TEDGlobal: Heribert Watzke – We cook therefore we are

Heribert Watzke isn’t a real popular guy with the raw foods crowd, I suspect. He theorizes that humans aren’t omnivores, but coctivors – we are the animals that eat cooked food.

He asks us to smile at each other, and asks us to look at each other’s canine teeth. They’re pretty pathetic, not really useful for ripping meat off bones. Our teeth are now evolved to eat soft, easily digestible, cooked food – our behavior has changed our body over time.

We’ve had to cook food because big brains are expensive. The human brain is 2-3% of body mass, but takes up 20% or more of energy. We can’t get that energy from raw food, he tells us. Cooked food allowed us to be a migrant species, because every time we encountered new food, we could transform it and make it edible. We do this by roasting or burying it in the ground to ferment it. Over the same time our brain has grown, the gut has shrunk 60% from its previous size due to cooked food.

Our bodies make decisions about food based on taste, reward and energy. Three tastes sustain us – sweet (energy), umami (protein), salty (which we need). The other two – sour and bitterness – ward us off from dangerous, spoiled and poisonous foods.

But for feedback on whether this food is good for us, we rely less on taste and more on the reaction of our gut. Watzke tells us that our guts have a full-fledged brain, and he’s not speaking metaphorically. The gut – the stomach, small intestine, colon – has two layers of muscle with lots of nervous tissue between them, which penetrate muscle layers. These nerves also penetrate the mucosa, the layer actually touching the food. If we stretched the gut to its full length, it’s 14 meters, the length of a tennis court. It’s got as many nerve cells as a cat’s brain.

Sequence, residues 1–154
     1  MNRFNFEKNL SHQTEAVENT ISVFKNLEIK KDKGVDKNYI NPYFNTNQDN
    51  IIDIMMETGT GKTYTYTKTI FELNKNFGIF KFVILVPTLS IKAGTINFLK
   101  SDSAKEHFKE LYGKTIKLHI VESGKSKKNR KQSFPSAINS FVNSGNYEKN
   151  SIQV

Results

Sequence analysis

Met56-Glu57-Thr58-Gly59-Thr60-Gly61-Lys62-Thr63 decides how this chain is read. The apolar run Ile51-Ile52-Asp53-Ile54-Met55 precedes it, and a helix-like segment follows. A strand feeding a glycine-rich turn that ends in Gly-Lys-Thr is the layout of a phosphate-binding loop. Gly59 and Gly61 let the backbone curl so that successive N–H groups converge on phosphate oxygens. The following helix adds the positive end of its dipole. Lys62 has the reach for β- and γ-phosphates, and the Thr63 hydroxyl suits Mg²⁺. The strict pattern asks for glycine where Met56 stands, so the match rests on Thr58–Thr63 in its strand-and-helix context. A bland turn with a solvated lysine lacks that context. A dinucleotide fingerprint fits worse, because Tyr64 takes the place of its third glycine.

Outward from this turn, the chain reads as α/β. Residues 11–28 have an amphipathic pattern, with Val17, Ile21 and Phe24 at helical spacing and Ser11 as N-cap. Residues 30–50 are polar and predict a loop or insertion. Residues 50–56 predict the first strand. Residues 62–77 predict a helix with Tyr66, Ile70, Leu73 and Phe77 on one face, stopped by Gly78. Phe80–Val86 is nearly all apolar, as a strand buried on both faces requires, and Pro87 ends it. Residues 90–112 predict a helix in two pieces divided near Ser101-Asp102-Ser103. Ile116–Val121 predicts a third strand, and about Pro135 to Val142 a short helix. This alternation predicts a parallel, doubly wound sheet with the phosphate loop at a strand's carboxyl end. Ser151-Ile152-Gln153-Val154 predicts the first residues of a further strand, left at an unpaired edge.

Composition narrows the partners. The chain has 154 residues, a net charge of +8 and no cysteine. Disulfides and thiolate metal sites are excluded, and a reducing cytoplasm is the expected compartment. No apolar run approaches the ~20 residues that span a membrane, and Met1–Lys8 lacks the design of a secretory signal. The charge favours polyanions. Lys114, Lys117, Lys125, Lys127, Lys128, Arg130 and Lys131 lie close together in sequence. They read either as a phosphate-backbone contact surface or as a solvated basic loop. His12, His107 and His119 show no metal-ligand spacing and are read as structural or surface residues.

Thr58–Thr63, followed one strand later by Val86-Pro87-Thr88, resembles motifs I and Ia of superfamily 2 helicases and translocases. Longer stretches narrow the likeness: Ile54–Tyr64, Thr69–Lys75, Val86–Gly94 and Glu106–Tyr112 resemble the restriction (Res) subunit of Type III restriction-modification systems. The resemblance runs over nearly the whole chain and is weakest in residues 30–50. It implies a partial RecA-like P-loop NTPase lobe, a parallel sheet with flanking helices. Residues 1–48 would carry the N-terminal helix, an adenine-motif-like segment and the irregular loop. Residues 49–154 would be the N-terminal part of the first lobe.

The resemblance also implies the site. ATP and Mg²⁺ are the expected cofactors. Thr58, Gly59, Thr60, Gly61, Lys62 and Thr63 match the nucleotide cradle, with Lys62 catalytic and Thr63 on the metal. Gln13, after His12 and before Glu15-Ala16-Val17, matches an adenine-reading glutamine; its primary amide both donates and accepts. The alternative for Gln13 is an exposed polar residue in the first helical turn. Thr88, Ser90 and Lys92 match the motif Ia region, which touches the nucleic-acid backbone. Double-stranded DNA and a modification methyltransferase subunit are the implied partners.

This second brain has 20 different neuron types that sense food. Based on sensing it, it instigates chemical and mechanical processes to digest it. This second brain controls mechanical actions like our gag reflext and the secretion of chemicals to igest the food.

This lower brain can be inhibited by the higher brain. We can ignore the signals we get that tell us we’re full or that we’re hungry. If the brain ignores the healthy hunger signal, this can manifest as anorexia. He tells us, pointing to his own belly, that the more usual case is overeating.

We learned to talk to the big brain about food based on reward. He wonders, “how do we talk to the gut brain so that signals are so strong we can’t ignore it” so we can generate a balance between hunger and fullness. We see an experiment with the digestion of a bubble of oil in the intestine – is it possible that we can change structures so that they trigger different reactions and send different signals to the brain? Watzke believes we can, and that we can even do this by cooking. He asks us to consider this possibility, “I cook therefore I am.”

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